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Afe Babalola proposes 100 years retirement age for Supreme Court justices

Afe Babalola proposes 100 years retirement age for Supreme Court justices

Legal luminary and founder of Afe Babalola University, Ado Ekiti, (ABUAD), Chief Afe Babalola, has proposed 100 years as retirement age for Supreme Court Justices from 70.

He made the call at the virtual launch of books in honour of Justice Bode Rhodes-Vivour (retd) of the Supreme Court to mark his retirement from the bench on attaining 70.

He canvassed for a review of the age of retirement of judges, especially those of the Supreme Court Justice from the current 70 to 100 or more, if life service is not possible.

A statement by Tunde Olofintila, director, Corporate Information of  ABUAD quoted Babalola as saying: There is urgent need for reform of our judicial system. This is with particular regards to age of judges, most especially those at the Supreme Court.

“Experience has shown that a person becomes wiser and more experienced as he advances in age. Under our judicial system today, Justice Rhodes-Vivour is retiring at the age of 70 when he has not shown any sign of physical weakness and when Nigeria would have benefitted more from his wealth of wisdom, insight and experience.”A brief look at other countries shows that appointment to the Supreme Court is a lifetime appointment.

“There is no age limit for a justice of the Supreme Court to retire. Often times, they stay as long as they probably can.

“In fact, many die while in office. But those who opt for retirement, the average age is 78 years. The average retirement age has grown a whooping 103 years in other climes”.

The founder and Chancellor of Afe Babalola University, also advocated that under the review, retiring judges should be allowed to practice law.

“Even, if Judges are not allowed to return to full practice, there should be a measure of participation in law practice that will ensure their relevance in the nation’s development of law.

“I suggest that Nigeria should adopt the quasi-restrictive style, which is in operation in the U.S. whereby a sitting judge may recuse himself in the case of conflict of interest or allow retiring judges to prepare and draft pleadings, motions and appellate briefs”, he said.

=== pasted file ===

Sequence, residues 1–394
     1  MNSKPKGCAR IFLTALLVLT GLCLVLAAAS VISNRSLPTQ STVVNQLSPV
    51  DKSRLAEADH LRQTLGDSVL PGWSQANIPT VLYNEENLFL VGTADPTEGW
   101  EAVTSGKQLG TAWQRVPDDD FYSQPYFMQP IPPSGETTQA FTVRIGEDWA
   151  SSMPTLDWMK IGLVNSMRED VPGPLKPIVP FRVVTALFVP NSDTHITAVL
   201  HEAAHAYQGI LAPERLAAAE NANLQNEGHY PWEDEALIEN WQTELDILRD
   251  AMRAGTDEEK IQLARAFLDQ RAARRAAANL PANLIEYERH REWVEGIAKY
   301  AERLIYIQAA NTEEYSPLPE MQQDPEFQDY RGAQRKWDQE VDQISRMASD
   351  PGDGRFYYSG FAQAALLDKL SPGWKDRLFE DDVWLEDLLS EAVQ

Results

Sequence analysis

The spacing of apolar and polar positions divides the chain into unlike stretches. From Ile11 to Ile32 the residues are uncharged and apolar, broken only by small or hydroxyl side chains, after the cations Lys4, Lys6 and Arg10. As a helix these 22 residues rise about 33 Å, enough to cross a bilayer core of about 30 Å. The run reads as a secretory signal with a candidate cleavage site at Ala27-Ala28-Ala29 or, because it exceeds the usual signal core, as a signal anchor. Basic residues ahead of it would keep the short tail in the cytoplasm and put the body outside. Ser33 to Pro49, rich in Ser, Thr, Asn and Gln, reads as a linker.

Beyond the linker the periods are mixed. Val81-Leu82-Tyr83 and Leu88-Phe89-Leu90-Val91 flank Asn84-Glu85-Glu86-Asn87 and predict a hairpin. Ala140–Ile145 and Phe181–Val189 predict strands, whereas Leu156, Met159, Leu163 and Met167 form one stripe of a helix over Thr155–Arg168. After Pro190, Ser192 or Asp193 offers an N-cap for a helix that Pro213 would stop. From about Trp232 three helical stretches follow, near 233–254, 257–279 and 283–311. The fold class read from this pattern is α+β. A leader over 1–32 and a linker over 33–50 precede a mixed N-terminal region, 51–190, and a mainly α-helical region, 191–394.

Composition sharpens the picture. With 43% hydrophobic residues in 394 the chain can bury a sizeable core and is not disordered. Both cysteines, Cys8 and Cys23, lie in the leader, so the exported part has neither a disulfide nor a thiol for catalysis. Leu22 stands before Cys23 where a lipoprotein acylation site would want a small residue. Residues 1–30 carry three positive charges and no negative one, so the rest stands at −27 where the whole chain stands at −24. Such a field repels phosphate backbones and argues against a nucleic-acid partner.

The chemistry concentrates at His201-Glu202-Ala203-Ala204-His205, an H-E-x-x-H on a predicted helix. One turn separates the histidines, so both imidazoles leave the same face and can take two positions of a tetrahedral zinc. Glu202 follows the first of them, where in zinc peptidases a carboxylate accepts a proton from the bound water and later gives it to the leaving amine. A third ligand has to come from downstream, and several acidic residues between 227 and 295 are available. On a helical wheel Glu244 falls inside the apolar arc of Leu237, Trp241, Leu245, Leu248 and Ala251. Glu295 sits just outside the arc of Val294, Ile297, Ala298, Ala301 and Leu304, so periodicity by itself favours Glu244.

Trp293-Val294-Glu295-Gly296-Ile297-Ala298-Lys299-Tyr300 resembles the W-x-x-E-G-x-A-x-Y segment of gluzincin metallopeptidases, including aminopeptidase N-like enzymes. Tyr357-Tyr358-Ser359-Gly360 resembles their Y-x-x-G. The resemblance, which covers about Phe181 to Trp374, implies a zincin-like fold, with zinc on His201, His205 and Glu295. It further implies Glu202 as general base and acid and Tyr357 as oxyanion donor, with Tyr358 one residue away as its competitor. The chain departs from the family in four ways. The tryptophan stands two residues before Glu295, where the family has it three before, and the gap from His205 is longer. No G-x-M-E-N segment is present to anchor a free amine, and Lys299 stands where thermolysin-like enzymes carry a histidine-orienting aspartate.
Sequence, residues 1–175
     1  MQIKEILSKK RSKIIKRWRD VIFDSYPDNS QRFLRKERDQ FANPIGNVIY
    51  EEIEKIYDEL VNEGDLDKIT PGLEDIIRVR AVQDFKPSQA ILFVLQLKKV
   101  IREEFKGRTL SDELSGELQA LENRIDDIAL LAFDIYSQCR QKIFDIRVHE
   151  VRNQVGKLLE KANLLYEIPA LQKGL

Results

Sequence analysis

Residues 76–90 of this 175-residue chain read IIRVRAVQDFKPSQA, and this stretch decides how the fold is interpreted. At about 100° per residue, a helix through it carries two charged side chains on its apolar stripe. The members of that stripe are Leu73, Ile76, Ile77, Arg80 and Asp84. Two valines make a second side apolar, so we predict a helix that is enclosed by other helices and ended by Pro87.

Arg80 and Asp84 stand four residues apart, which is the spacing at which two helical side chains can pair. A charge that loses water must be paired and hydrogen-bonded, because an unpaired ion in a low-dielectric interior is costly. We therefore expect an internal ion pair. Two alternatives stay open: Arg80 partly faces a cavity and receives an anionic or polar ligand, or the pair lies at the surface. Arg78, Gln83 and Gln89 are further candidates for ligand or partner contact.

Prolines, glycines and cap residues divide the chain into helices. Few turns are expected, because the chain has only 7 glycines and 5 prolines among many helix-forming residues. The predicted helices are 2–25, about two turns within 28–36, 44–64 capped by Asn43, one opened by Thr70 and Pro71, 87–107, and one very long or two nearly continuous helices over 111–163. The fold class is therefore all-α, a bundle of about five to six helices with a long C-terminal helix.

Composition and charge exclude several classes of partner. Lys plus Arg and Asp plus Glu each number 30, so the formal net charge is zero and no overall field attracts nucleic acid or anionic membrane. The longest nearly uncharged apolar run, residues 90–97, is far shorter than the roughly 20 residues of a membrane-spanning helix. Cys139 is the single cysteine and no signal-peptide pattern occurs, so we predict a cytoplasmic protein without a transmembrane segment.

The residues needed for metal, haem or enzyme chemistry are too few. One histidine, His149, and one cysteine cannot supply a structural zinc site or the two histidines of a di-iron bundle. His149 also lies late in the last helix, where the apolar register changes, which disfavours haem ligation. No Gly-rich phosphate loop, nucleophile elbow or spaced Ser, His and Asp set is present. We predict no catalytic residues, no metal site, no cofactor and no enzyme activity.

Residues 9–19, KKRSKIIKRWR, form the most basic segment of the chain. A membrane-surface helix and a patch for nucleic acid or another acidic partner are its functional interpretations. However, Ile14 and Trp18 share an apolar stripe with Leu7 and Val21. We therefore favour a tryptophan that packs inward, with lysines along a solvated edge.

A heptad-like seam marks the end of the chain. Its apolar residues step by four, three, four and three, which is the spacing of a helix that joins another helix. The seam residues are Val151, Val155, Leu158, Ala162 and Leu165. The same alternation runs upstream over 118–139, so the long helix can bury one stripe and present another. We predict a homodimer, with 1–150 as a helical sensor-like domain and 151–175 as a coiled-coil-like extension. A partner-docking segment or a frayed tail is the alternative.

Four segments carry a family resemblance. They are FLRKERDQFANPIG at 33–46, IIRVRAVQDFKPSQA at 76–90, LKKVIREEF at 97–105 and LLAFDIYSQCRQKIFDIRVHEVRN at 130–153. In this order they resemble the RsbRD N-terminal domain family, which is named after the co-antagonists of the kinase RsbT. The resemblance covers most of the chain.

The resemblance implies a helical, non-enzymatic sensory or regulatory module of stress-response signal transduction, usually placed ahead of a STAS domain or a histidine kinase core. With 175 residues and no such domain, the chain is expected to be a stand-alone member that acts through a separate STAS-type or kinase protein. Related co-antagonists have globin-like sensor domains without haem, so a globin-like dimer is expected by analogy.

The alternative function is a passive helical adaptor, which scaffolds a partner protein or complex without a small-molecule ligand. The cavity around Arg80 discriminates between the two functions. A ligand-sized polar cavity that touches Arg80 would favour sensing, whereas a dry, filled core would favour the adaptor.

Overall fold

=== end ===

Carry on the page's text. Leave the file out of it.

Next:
On appointment of judges, he said the position of the Chief Justice of Nigeria, was important that it should not be based on promotion but strictly on merit.

“I know from experience that the best judges are those who have been in active litigation, who have interacted with clients, who have drafted claims and pleadings and who have addressed legal issues at different level of the courts.

“This is why in other climes, judges are chosen from seasoned legal practitioners. I recall the case of late Justice Teslim Olawale Elias, SAN.

“He was appointed as CJN and President, International Court of Justice. He was Attorney-General of the Federation when he was a Professor at the University of Lagos and was invited to the Supreme Court where he eventually became the CJN.

“I have always been an advocate of a new constitution to correct the ills inherent in the 1999 Constitution bequeathed to Nigerians by the Military and christened a people’s constitution.

“We truly need restructuring in this country today and that will assist us in many diverse ways as we as enable us have a truly federal constitution as a result of which there would be a change in the mode of election and the type of people we would elect to govern us.”


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Posted by on Apr 14 2021. Filed under Headlines, Judiciary. You can follow any responses to this entry through the RSS 2.0. You can leave a response or trackback to this entry

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